Best-selling journalist Antony Loewenstein trav­els across Afghanistan, Pakistan, Haiti, Papua New Guinea, the United States, Britain, Greece, and Australia to witness the reality of disaster capitalism. He discovers how companies such as G4S, Serco, and Halliburton cash in on or­ganized misery in a hidden world of privatized detention centers, militarized private security, aid profiteering, and destructive mining.

Disaster has become big business. Talking to immigrants stuck in limbo in Britain or visiting immigration centers in America, Loewenstein maps the secret networks formed to help cor­porations bleed what profits they can from economic crisis. He debates with Western contractors in Afghanistan, meets the locals in post-earthquake Haiti, and in Greece finds a country at the mercy of vulture profiteers. In Papua New Guinea, he sees a local commu­nity forced to rebel against predatory resource companies and NGOs.

What emerges through Loewenstein’s re­porting is a dark history of multinational corpo­rations that, with the aid of media and political elites, have grown more powerful than national governments. In the twenty-first century, the vulnerable have become the world’s most valu­able commodity. Disaster Capitalism is published by Verso in 2015 and in paperback in January 2017.

Profits_of_doom_cover_350Vulture capitalism has seen the corporation become more powerful than the state, and yet its work is often done by stealth, supported by political and media elites. The result is privatised wars and outsourced detention centres, mining companies pillaging precious land in developing countries and struggling nations invaded by NGOs and the corporate dollar. Best-selling journalist Antony Loewenstein travels to Afghanistan, Pakistan, Haiti, Papua New Guinea and across Australia to witness the reality of this largely hidden world of privatised detention centres, outsourced aid, destructive resource wars and militarized private security. Who is involved and why? Can it be stopped? What are the alternatives in a globalised world? Profits of Doom, published in 2013 and released in an updated edition in 2014, challenges the fundamentals of our unsustainable way of life and the money-making imperatives driving it. It is released in an updated edition in 2014.
forgodssakecover Four Australian thinkers come together to ask and answer the big questions, such as: What is the nature of the universe? Doesn't religion cause most of the conflict in the world? And Where do we find hope?   We are introduced to different belief systems – Judaism, Christianity, Islam – and to the argument that atheism, like organised religion, has its own compelling logic. And we gain insight into the life events that led each author to their current position.   Jane Caro flirted briefly with spiritual belief, inspired by 19th century literary heroines such as Elizabeth Gaskell and the Bronte sisters. Antony Loewenstein is proudly culturally, yet unconventionally, Jewish. Simon Smart is firmly and resolutely a Christian, but one who has had some of his most profound spiritual moments while surfing. Rachel Woodlock grew up in the alternative embrace of Baha'i belief but became entranced by its older parent religion, Islam.   Provocative, informative and passionately argued, For God's Sakepublished in 2013, encourages us to accept religious differences, but to also challenge more vigorously the beliefs that create discord.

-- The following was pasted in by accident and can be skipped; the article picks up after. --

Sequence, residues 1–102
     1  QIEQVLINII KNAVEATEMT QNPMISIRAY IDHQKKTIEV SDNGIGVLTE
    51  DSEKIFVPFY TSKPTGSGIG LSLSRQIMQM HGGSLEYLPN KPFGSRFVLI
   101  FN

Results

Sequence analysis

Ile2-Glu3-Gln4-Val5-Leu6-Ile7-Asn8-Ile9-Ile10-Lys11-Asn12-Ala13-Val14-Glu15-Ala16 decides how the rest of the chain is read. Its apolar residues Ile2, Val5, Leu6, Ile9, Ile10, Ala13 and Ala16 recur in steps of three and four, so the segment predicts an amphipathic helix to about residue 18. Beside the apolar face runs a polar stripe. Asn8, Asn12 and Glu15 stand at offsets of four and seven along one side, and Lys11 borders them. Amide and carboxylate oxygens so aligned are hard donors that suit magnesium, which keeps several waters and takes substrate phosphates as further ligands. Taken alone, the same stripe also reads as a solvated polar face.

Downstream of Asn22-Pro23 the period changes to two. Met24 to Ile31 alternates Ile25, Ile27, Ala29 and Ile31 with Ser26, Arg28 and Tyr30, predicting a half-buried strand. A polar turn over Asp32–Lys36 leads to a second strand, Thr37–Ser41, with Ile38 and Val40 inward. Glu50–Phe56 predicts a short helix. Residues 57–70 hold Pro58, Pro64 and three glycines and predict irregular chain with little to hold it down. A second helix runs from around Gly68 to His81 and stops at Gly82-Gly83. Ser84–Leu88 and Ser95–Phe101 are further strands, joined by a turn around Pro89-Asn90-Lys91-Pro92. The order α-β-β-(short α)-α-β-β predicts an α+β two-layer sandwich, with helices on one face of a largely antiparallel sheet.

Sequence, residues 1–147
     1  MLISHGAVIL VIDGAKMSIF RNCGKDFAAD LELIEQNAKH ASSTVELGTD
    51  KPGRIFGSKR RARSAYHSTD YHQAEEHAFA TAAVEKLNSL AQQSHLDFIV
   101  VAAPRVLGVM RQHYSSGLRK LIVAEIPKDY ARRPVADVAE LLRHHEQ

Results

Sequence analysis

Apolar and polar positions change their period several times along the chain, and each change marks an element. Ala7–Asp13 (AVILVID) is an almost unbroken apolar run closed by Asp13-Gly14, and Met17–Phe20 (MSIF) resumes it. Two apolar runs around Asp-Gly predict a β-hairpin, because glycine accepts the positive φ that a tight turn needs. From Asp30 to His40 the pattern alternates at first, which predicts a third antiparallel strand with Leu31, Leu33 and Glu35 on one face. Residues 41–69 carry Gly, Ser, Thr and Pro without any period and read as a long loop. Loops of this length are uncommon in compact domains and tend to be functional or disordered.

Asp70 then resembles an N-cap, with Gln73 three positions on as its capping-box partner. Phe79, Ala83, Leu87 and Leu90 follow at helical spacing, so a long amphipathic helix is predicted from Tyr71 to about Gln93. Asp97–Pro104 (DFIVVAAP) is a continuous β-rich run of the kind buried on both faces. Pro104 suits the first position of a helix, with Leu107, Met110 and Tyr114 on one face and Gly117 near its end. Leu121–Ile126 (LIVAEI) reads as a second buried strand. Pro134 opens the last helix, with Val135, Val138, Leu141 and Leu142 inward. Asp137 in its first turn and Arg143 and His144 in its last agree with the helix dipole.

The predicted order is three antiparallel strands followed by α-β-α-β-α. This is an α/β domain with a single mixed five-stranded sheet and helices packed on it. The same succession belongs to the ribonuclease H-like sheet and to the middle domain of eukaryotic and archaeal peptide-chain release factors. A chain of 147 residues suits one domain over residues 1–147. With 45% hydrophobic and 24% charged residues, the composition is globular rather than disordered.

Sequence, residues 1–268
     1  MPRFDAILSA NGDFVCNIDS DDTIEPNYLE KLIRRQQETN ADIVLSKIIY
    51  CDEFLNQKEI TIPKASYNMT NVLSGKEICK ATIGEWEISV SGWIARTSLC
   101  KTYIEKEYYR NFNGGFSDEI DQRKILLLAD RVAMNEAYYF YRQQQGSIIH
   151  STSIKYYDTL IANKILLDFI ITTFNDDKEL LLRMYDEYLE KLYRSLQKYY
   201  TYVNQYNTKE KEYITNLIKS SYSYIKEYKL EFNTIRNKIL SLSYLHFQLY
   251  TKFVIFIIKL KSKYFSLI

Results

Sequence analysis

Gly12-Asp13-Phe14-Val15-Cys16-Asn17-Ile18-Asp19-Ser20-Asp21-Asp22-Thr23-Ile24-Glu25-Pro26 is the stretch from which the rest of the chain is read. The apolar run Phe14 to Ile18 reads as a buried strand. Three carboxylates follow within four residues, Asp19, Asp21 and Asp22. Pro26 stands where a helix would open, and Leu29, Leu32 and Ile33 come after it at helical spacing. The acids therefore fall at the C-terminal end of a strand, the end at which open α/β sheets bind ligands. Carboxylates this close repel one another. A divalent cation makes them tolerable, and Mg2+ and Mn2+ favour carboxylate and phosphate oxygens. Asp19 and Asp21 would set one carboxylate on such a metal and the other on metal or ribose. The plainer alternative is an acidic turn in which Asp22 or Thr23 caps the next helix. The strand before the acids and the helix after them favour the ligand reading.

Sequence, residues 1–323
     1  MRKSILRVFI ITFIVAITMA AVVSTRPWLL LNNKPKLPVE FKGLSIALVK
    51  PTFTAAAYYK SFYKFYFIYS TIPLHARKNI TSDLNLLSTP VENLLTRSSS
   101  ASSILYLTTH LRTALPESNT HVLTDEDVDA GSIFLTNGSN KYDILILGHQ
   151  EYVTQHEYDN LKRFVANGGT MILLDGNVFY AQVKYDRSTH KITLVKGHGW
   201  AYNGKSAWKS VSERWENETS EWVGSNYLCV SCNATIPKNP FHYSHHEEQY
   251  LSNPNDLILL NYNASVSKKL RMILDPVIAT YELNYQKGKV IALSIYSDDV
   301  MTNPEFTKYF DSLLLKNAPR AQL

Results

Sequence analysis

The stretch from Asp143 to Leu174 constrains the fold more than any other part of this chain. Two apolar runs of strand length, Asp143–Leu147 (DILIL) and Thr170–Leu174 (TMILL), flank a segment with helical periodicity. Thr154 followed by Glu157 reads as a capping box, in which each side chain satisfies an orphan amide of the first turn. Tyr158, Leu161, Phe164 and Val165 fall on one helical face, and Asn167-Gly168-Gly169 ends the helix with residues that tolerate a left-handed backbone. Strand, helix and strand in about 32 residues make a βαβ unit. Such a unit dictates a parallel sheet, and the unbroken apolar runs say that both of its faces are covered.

After Zionism, published in 2012 and 2013 with co-editor Ahmed Moor, brings together some of the world s leading thinkers on the Middle East question to dissect the century-long conflict between Zionism and the Palestinians, and to explore possible forms of a one-state solution. Time has run out for the two-state solution because of the unending and permanent Jewish colonization of Palestinian land. Although deep mistrust exists on both sides of the conflict, growing numbers of Palestinians and Israelis, Jews and Arabs are working together to forge a different, unified future. Progressive and realist ideas are at last gaining a foothold in the discourse, while those influenced by the colonial era have been discredited or abandoned. Whatever the political solution may be, Palestinian and Israeli lives are intertwined, enmeshed, irrevocably. This daring and timely collection includes essays by Omar Barghouti, Jonathan Cook, Joseph Dana, Jeremiah Haber, Jeff Halper, Ghada Karmi, Antony Loewenstein, Saree Makdisi, John Mearsheimer, Ahmed Moor, Ilan Pappe, Sara Roy and Phil Weiss.
The 2008 financial crisis opened the door for a bold, progressive social movement. But despite widespread revulsion at economic inequity and political opportunism, after the crash very little has changed. Has the Left failed? What agenda should progressives pursue? And what alternatives do they dare to imagine? Left Turn, published by Melbourne University Press in 2012 and co-edited with Jeff Sparrow, is aimed at the many Australians disillusioned with the political process. It includes passionate and challenging contributions by a diverse range of writers, thinkers and politicians, from Larissa Berendht and Christos Tsiolkas to Guy Rundle and Lee Rhiannon. These essays offer perspectives largely excluded from the mainstream. They offer possibilities for resistance and for a renewed struggle for change.
The Blogging Revolution, released by Melbourne University Press in 2008, is a colourful and revelatory account of bloggers around the globe why live and write under repressive regimes - many of them risking their lives in doing so. Antony Loewenstein's travels take him to private parties in Iran and Egypt, internet cafes in Saudi Arabia and Damascus, to the homes of Cuban dissidents and into newspaper offices in Beijing, where he discovers the ways in which the internet is threatening the ruld of governments. Through first-hand investigations, he reveals the complicity of Western multinationals in assisting the restriction of information in these countries and how bloggers are leading the charge for change. The blogging revolution is a superb examination about the nature of repression in the twenty-first century and the power of brave individuals to overcome it. It was released in an updated edition in 2011, post the Arab revolutions, and an updated Indian print version in 2011.